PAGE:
post #11 of 19
Thread Starter 
I see where you guys are coming from. The looking-good on this forum goes beyond the 'normal' looking-good most people associate with, Im gathering. The attention to detail, as mentioned, is key...and often goes further than a pricey suit. Thanks guys.
post #12 of 19
To get in at the end of the game, and perhaps summarize some of the points made earlier. Mrprlover: Yes, it is certainly possible to look good at a variety of pricepoints. And it is certainly true that most people cannot tell the difference between a Kiton and a Banana Republic suit. However, it would be a logical error to thereby deduce that there are not real differences between the two suits. The equivalent would be to say that because I don't know an Aston Martin from a Lada (I do, but barely) that there are no differences between the two, or that a Petrus tastes the same as wine in a box (that, I would pick up.) Apart from the premium paid for the name "Patek" or "Kiton" or even "Prada", there is a discernable difference in the quality and style that all but the least astute observer will notice. Cognoscenti of any stripe use shorthand when discussing their knowledge with similar minds, and I think that members of this forum do the same when they use Kiton to exemplify the classical Neapolitan style combined with incredible workmanship. So yes, members of this forum are in general more likely to notice that the lapels on your friend's jacket are slightly stiff, or that stripes in his shirt do not match up exactly, although I don't dispute that he may nevertheless look very good.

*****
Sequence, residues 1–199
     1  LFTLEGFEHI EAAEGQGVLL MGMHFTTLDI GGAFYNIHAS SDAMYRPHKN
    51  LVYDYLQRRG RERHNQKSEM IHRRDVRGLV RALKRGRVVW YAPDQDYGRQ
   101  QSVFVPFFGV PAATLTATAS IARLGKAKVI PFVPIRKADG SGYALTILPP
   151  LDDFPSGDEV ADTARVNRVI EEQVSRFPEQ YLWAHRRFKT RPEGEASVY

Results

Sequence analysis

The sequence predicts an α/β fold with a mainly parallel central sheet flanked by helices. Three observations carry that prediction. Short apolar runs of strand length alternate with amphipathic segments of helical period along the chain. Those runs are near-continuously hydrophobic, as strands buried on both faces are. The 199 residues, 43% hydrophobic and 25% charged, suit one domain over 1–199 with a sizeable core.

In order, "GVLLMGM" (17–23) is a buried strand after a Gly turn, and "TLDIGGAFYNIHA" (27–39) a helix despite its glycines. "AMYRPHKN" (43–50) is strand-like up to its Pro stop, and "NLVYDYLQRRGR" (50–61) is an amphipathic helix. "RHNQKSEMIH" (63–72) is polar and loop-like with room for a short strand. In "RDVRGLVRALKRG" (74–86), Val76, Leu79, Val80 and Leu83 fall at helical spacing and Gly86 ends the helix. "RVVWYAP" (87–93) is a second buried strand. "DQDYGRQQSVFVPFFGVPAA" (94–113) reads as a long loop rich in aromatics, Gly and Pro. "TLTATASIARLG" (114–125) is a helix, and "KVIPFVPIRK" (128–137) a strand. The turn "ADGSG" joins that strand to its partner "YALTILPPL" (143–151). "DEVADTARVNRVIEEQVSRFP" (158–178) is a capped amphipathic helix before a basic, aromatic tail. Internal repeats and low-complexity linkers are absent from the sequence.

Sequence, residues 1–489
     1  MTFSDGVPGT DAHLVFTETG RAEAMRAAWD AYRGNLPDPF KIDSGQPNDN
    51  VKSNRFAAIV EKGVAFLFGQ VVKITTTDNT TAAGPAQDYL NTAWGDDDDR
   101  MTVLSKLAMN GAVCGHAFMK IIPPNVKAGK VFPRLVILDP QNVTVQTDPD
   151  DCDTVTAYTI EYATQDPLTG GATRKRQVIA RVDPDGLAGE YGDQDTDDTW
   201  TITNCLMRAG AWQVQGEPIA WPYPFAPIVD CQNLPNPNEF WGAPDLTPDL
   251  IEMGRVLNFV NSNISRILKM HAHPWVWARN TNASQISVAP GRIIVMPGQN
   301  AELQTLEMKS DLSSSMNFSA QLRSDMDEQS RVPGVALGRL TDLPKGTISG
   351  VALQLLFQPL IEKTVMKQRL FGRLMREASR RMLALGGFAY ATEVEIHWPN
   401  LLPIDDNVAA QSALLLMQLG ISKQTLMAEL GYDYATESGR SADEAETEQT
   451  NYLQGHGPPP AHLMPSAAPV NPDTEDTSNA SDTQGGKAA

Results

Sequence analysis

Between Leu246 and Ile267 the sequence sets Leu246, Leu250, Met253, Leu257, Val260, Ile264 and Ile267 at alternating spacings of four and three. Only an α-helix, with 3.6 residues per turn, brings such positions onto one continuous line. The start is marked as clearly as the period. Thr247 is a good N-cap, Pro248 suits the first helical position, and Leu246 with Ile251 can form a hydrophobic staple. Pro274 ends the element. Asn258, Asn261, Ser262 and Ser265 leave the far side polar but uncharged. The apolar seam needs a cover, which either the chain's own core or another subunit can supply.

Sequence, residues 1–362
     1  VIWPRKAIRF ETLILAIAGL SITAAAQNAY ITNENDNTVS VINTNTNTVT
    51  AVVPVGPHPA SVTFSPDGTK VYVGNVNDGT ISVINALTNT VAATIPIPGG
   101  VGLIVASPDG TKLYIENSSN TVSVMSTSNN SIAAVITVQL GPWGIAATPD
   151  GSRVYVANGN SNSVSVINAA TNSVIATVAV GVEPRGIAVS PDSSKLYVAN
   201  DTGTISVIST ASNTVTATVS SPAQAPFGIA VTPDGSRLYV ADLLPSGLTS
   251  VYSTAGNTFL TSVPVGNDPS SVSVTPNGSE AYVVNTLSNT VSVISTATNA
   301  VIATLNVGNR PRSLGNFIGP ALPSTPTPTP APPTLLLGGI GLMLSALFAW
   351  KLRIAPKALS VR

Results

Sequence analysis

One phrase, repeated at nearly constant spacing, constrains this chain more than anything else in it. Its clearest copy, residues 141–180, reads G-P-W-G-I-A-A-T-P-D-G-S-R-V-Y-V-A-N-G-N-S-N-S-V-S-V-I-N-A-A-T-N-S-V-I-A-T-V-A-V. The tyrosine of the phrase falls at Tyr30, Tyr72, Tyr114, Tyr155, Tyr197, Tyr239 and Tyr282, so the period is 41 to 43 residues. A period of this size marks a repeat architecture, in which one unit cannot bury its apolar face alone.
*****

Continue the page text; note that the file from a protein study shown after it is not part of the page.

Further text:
post #13 of 19
Quote:
Yes, it is certainly possible to look good at a variety of pricepoints.  And it is certainly true that most people cannot tell the difference between a Kiton and a Banana Republic suit.  
While I am in accordance with your basic idea, I beg to differ from the point that most people cannot tell the differences between a Kiton and a BR. Everyone is able to notice the differences, though not everyone is able to IDENTIFY them.  It's parallel to an example when everyone can tell the difference between pop and classical music, though not many could pick out the exact differences.  When you walk on the street, certain people/outfits strike an untrained eye and make his head turn, though he may have no idea why; but there is an apparent difference of a better dressed man and the others.   This noticing/identifying aspect takes place in everything from cars to watches to TV screen to music to food.  You can definitely taste the difference between a neighborhood Chinese take-out and genuine Cantonese cuisine (note: this doesn't apply to Mr. MPS as you already live in HK), though you might not be able to pinpoint --- not unless you are a Chinese.  This is a tremendously important point for the obsessed bunch like us, as we know that even the tiniest detail alters the entire picture, and this forum is here to help us identify those little details. However, I understand your basic idea, and I would rephrase the comparison to a Kiton and Brioni, or BR and FC, instead of extremes like Kiton and BR; although I am sure after going through this forum picking out a Kiton among Brioni's is as simple as picking out a Japanese tourist on Fifth Avenue.  May I suggest a challenge of picking out a Kiton and an Attolini?
post #14 of 19
Point well taken. After re-reading my last post, I realized that I had been rather inconsistent. As for the Kiton/Attolini challenge, I'm not sure that I could do it. Maybe if I had a few hours to go through swatch books... I have noticed that Kiton rtw, at least, tends towards slightly more muted colors. For custom, I'd probably be out of luck.
post #15 of 19
Thread Starter 
Quote:
Apart from the premium paid for the name "Patek" or "Kiton" or even "Prada", there is a discernable difference in the quality and style that all but the least astute observer will notice.  
...and this is why I am here. Any ideas as to where I should start?  Perhaps first some reading, then the shopping.